2. Most folks on this forum do suggest one needs international to further diversify, but some folks do not. Once again it is your decision. Some folks like 0% international, but others are happy with a typical range of 20% to 40% of equities, and still others want to have 50% of equities in international. It is truly your decision and a good research topic for you.

3. I use BND and VCSH for my bond allocation. Some people use BND only. Some use BIV. Some use CDs. Some use I-bonds. Some use a stable value fund. Some use a mix. There is no way to predict the future, so there is no way to tell you which of any of these options (or mix of them) will turn out to be best.

Hmmm, it looks like you asked questions that cannot be answered. Congratulations! :share beer

And welcome to the forum.
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Xenos
Posts: 4
Joined: Thu Mar 16, 2017 1:49 pm

Re: ETF advice for retirement portfolio

Postby Xenos » Thu Mar 16, 2017 2:27 pm

livesoft wrote:1. Many folks would say that you do not need more than the Total Stock Market Index fund for US stocks because it has the market weights of large, mid, and small caps. Many folks other (myself included) say that one should want to overweight small-caps and mid-caps, so one should have an additional US equity fund such as VXF or VBR. The two sides will never agree, so you have to decide which camp you want to side with or if you want to compromise and overweight small/mid-caps a little bit instead of a lot. It is truly your decision and a good research topic for you.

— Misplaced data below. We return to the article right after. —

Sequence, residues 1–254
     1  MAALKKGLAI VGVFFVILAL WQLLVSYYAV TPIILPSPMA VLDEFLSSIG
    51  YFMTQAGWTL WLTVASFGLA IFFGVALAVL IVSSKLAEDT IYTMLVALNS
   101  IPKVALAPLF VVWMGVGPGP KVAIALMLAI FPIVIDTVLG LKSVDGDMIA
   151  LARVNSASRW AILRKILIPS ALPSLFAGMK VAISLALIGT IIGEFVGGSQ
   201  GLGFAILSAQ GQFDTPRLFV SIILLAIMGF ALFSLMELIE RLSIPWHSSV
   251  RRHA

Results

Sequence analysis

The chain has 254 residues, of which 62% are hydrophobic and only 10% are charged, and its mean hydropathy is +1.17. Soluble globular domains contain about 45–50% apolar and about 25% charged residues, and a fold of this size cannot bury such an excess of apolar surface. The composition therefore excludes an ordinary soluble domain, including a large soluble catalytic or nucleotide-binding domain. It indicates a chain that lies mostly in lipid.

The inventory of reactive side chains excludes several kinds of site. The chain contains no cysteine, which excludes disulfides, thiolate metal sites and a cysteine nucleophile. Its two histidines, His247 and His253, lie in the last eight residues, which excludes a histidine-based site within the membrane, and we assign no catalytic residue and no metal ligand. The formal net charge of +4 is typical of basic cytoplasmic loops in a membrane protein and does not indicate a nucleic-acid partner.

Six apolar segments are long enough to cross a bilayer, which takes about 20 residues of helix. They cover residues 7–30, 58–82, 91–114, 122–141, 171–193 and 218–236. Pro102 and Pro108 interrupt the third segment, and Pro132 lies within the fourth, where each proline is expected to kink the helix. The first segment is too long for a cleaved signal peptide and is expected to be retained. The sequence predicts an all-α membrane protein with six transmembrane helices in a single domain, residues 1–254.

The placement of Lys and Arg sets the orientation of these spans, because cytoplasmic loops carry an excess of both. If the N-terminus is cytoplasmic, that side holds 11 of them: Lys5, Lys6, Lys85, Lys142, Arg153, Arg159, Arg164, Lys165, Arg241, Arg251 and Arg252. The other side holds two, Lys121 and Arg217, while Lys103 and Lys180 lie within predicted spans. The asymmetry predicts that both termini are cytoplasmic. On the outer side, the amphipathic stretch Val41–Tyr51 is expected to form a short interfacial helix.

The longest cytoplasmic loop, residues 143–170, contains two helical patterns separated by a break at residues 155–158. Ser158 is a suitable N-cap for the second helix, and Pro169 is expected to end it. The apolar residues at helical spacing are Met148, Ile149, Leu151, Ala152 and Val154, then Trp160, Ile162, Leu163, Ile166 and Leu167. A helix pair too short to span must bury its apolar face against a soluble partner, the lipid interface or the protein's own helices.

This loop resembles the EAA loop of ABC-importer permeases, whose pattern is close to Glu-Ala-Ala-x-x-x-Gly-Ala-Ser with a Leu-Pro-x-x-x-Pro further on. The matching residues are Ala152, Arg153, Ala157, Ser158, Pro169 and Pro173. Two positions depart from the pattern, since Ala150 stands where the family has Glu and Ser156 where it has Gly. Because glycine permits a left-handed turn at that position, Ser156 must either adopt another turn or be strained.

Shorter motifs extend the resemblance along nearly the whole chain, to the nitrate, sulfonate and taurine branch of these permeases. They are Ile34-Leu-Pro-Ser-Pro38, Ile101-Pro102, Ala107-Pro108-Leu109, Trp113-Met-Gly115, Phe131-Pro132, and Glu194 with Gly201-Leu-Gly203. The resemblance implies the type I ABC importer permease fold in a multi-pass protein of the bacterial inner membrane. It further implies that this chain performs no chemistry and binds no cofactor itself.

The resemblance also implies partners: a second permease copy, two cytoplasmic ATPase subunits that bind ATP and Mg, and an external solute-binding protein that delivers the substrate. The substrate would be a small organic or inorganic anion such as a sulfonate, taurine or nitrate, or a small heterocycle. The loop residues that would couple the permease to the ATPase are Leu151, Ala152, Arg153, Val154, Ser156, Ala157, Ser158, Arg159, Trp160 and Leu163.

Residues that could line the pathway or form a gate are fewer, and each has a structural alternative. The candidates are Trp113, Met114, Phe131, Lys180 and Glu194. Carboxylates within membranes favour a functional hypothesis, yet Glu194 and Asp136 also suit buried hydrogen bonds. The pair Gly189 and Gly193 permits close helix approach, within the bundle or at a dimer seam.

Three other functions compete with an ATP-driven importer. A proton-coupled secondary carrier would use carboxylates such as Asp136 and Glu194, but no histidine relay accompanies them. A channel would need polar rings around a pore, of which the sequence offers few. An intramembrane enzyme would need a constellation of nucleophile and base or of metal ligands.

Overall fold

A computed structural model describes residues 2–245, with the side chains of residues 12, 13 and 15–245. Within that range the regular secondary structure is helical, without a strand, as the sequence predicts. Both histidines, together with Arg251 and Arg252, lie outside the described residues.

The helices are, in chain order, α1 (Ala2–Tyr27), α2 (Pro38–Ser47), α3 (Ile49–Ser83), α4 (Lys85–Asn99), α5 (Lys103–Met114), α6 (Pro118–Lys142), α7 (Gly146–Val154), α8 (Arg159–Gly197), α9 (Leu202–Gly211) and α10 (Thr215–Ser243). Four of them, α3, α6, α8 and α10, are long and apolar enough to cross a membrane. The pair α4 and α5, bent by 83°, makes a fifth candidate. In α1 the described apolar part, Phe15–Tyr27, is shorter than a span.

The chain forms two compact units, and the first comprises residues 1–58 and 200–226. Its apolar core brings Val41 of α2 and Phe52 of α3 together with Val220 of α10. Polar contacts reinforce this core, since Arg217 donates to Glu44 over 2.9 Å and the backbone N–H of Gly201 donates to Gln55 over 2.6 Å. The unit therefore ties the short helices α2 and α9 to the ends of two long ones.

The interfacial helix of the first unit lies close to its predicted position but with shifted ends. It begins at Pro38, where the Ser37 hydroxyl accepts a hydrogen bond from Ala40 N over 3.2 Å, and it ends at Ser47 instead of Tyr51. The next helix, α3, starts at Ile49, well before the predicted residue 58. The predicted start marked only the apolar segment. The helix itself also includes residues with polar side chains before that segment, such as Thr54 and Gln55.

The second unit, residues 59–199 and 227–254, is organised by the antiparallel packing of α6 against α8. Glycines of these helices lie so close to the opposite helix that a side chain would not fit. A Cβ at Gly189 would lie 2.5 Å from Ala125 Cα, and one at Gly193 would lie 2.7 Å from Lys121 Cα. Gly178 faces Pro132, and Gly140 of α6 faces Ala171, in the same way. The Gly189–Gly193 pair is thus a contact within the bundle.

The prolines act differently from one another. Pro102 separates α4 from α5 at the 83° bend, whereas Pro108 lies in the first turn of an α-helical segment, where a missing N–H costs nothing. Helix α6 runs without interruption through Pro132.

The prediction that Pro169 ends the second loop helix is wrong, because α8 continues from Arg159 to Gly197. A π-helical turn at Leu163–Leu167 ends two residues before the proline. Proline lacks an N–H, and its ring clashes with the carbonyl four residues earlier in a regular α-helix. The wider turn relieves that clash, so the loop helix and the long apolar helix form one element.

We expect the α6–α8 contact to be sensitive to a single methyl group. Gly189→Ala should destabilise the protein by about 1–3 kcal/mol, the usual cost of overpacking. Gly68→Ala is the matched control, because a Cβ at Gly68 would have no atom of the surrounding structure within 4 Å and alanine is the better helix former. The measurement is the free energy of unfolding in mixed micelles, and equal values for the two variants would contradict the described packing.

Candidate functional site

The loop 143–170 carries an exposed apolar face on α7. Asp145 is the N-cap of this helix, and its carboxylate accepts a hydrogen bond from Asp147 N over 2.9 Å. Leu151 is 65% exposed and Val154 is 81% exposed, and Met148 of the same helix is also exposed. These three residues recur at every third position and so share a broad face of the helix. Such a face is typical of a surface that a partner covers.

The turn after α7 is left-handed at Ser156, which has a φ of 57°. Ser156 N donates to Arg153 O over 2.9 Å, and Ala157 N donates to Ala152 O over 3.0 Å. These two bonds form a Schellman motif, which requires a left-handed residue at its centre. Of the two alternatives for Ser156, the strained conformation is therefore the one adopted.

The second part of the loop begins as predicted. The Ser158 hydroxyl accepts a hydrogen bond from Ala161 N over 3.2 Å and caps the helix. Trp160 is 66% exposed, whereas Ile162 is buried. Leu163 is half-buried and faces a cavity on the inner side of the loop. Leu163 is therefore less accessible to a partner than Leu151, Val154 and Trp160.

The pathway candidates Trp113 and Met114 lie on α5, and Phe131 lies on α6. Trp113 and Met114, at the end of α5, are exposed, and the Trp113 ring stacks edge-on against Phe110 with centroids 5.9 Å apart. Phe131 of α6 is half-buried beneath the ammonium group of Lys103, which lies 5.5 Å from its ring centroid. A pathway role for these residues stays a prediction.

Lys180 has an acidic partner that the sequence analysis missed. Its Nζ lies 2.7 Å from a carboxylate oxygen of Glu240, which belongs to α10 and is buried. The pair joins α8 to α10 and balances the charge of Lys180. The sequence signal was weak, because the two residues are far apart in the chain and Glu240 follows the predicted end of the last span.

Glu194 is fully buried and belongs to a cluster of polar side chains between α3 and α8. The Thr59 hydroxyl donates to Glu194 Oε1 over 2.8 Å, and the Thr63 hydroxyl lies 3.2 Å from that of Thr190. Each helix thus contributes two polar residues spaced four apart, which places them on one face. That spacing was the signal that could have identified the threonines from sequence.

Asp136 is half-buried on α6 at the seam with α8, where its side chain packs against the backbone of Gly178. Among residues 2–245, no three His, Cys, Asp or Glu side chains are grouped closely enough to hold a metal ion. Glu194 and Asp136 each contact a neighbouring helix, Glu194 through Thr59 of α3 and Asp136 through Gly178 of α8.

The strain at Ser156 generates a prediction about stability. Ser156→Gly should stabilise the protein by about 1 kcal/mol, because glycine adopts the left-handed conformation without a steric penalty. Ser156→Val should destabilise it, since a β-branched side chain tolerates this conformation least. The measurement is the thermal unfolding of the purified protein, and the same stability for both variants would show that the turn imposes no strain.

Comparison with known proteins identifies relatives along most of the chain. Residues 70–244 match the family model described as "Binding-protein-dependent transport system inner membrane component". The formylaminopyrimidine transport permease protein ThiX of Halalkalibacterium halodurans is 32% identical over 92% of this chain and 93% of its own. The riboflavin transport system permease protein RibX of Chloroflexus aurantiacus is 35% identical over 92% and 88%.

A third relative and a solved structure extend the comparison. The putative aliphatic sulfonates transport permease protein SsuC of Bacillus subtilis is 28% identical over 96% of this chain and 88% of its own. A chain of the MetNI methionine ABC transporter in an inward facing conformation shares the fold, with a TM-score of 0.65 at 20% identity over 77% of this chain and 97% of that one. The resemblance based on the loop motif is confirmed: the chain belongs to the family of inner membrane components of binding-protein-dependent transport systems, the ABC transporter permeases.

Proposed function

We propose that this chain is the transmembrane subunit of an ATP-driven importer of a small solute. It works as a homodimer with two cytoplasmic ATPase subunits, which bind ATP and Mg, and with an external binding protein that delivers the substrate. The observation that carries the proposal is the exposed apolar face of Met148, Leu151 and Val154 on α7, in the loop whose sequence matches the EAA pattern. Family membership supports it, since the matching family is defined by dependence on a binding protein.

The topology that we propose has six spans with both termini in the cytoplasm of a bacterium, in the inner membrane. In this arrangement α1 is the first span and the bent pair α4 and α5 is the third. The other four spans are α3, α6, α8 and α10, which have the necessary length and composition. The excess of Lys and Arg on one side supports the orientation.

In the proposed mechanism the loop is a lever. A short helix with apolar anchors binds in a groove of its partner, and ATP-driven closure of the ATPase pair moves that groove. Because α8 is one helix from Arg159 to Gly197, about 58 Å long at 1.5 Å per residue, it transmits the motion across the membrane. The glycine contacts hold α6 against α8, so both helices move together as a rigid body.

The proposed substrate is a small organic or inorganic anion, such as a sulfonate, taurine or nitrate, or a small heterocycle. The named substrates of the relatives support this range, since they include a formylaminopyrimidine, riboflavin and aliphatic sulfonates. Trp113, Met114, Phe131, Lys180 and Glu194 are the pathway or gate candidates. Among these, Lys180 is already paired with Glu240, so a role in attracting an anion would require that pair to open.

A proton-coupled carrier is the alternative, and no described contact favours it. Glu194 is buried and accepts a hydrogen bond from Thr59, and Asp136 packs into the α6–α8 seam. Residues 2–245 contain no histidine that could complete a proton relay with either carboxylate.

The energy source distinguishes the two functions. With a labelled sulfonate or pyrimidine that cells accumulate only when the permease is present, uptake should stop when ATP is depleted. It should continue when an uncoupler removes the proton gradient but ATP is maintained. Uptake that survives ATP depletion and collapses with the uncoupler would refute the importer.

2. Most folks on this forum do suggest one needs international to further diversify, but some folks do not. Once again it is your decision. Some folks like 0% international, but others are happy with a typical range of 20% to 40% of equities, and still others want to have 50% of equities in international. It is truly your decision and a good research topic for you.